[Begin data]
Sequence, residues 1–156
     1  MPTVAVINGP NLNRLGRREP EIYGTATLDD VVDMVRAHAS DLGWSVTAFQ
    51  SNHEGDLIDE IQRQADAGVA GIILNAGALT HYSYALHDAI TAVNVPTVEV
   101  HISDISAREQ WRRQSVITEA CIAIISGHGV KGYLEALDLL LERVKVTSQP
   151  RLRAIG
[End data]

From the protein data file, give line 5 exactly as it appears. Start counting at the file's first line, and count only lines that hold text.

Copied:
   151  RLRAIG